John Lennon Begged For My Autograph
By Rosemary Grayson
(Ed. Note: It’s been said that some of the most interesting people in the world are right here at Lakeside—and Ms. Grayson is a prime exhibit. At one time, she and her husband managed a zoo in London; later she became an executive with a multi-national corporation, then a TV anchor, Justice of the Peace, successful journalist and ultimately a British magistrate. However, she is (perhaps) best known for being the first Playboy Centerfold when the magazine initiated a British version in October 1964. Fifty years and counting! She moved to Lakeside in early 2012.)
“If you don’t swing, don’t ring,” is famously written in Latin on Hugh Hefner’s door. After a swift translation, thanks to a classical British education, I rang just the same. A disembodied voice asked who I was and who sent me. In deepest BBC Received Pronunciation, I gave my name and said Playboy Magazine had done the honors. Thinking I was in London, their receptionist refused me his telephone number but gave his address. I had sweated in the Chicago Greyhound bus station phone kiosk with my case stowed in a locker. The taxi dropped me outside “The Mansion” in North State Parkway.
An enormous oak paneled door swung open and I was in. Well, not quite. You see the western world’s biggest playboy has very special security. It was not what you’d think. This gorgeous big black lad was wearing a white wig, buckled shoes plus doublet and hose. He opened the door. The pantomime clearly started now. Passing a suit of armor, which was mercifully silent after the speaking bell, I was shown into a vast windowless clock-free ballroom.
After that triumphant door stepping, I seemed close to nailing my story. Here was the ace reporter bringing back a major scoop to little old England. At 20, smitten by scoring top points in the media with a super hot exclusive, I had this cracking number lined up. I was on a student bus ticket in the USA at 99 dollars for 99 days. There was a waft of pipe tobacco, strangely not sulphur, and he walked in.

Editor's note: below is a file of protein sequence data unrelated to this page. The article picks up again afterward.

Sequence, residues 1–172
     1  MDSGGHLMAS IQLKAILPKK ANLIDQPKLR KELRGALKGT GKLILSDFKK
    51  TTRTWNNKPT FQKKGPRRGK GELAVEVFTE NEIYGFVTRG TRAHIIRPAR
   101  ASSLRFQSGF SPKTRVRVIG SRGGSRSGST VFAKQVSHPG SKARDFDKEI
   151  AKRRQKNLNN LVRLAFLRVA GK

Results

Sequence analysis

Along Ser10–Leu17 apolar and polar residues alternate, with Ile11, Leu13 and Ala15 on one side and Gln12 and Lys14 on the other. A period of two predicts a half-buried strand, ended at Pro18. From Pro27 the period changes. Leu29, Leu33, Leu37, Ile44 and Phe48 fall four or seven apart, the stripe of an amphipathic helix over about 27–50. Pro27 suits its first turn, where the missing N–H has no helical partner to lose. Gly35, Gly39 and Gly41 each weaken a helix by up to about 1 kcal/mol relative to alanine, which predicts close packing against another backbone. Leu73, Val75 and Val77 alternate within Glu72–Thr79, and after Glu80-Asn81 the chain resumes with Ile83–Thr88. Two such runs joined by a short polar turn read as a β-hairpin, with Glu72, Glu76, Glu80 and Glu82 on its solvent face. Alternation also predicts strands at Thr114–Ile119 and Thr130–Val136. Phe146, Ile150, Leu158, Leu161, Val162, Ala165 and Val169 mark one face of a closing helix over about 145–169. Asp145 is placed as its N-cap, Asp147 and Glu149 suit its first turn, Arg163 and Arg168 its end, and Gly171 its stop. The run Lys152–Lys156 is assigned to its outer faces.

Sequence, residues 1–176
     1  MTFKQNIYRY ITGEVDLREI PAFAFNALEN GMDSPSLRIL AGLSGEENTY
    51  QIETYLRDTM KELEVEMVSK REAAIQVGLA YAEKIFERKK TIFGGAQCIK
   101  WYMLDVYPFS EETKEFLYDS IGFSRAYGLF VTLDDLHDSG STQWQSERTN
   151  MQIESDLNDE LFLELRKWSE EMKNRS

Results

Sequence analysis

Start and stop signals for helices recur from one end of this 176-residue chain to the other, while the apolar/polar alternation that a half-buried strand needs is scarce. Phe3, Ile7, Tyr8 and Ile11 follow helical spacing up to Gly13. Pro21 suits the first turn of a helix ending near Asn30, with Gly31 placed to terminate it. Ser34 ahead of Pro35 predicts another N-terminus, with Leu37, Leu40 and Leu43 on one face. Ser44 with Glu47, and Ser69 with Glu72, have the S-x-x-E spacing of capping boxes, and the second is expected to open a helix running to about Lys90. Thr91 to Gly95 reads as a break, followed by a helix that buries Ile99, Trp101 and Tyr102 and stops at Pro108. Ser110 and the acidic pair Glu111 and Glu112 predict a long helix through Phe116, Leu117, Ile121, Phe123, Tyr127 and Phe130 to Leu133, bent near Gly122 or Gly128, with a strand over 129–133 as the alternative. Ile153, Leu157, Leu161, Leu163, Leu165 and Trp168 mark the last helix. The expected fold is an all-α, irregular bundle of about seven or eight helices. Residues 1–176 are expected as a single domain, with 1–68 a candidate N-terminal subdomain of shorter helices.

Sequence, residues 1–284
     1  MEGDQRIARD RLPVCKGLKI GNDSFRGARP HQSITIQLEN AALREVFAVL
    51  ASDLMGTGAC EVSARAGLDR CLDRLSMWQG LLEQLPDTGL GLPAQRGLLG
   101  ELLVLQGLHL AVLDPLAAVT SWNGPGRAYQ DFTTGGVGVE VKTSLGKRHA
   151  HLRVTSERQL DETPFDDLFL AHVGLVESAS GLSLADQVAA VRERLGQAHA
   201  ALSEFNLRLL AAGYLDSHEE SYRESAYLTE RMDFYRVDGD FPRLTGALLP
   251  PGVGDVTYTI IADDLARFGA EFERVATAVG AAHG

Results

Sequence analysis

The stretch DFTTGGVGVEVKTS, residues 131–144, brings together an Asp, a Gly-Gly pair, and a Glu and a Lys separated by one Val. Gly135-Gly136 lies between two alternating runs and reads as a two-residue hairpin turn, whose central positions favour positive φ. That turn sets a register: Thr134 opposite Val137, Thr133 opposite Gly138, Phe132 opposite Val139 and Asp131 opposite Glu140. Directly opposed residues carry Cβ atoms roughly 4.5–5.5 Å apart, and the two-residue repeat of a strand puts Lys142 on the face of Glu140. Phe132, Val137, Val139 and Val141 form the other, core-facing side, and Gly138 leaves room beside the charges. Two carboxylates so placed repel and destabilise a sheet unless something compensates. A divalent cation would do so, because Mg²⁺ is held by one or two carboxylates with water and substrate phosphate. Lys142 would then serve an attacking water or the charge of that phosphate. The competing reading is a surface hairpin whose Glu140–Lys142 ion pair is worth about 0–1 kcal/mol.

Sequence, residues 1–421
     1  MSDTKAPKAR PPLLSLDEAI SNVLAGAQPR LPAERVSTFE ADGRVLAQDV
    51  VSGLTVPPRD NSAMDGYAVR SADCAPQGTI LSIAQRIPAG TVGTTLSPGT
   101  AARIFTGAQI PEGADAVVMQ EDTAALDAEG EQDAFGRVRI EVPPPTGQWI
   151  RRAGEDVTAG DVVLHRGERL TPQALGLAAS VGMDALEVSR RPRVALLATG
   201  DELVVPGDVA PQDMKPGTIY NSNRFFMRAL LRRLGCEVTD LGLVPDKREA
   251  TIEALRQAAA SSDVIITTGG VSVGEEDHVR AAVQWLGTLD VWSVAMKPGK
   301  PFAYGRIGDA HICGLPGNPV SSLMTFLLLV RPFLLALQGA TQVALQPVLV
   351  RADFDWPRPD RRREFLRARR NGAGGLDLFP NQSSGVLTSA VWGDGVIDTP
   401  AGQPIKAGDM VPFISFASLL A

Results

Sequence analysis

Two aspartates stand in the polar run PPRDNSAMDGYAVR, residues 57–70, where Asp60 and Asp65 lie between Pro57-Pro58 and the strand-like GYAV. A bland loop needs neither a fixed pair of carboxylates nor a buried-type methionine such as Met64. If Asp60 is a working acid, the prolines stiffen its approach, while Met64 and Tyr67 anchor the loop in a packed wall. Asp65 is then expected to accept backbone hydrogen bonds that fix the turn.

‘I’m Hef,’ he said. It was 2.30 pm. He was in a stylish silk paisley dressing gown and pajamas. I got the interview. He gave me his direct phone number. I politely refused his offer to pose for the centerfold and scurried away.
A month later, days before catching the student flight back from New York, I was in a hotel room with another British student. I had had a drink. She dared me ring. The next thing I knew I had arrived at O’Hare Airport to be met by a sleek limousine. Driven by a lovely black chauffeur, it had a white telephone in the back, all courtesy of guess who?
With test shots in the bag after a hilarious few days at the Mansion, I concentrated on studying in England. Hef and I negotiated on the phone about when I could make it back to do the photo shoot. Naturally it was agreed to fit my schedule. His name came through the loud hailer in the college coffee bar. It meant nothing to the pimply multitude.
It was October 1963. I was in my second year Honors Degree at Exeter University, in Devon. J. K Rowling of “Harry Potter” global fame is a fellow alumnus. Meanwhile, all I could see were my massive headiness in the South Westerner, our weekly undergraduate newspaper. My idea was to run it as an interview with one of America’s up and coming millionaires. No one had heard of Hugh Hefner in the UK. By October 1964, his name was everywhere. So it seemed was my topless centerfold photograph as a fledgling career graduate trainee for Procter and Gamble just started.
Aghast, I walked into a London news agent to see wall-to-wall Playboys. Then a man in front of me opened one up and there I was. Surely bad taste to whisper, “I’m behind you.” Oh, and they had given me a new name, Rosemarie Hillcrest. I had put my foot down about using my real name, you understand.
So in good print tradition, the multimillion dollar Playboy Corporation used a local girl. I had turned up at just the right moment to launch the London Playboy club and Playboy Magazine big time in Britain. By contrast, my timing was appalling when proudly presented to The Beatles. Jetting back from the US, they had pored over the October 1964 issue. I too had been in the US with no grasp of their meteoric rise. Travelling, I spared myself US TV, newspapers or radio.
Just into my graduate management training, came an invitation by a colleague’s father, the owner of the Kings Hall, to this new group’s debut concert in Northern Ireland. I happily pitched up. Vaguely, I wondered why I must step over fainting girls to get in. Ringo mouthed, “I told you she was British.” Then their press man diminutive, Derek Taylor, a Daily Express reporter and I plus a sulky pouting groupie were invited to join ‘the boys’ in their hotel suite. The staff formed a guard of honor. Still I didn’t get it. I concluded that not much happened pop-wise in Belfast at the time.
John Lennon begged me to autograph my centerfold shot. I graciously gave in to his request. I never thought to ask for his.
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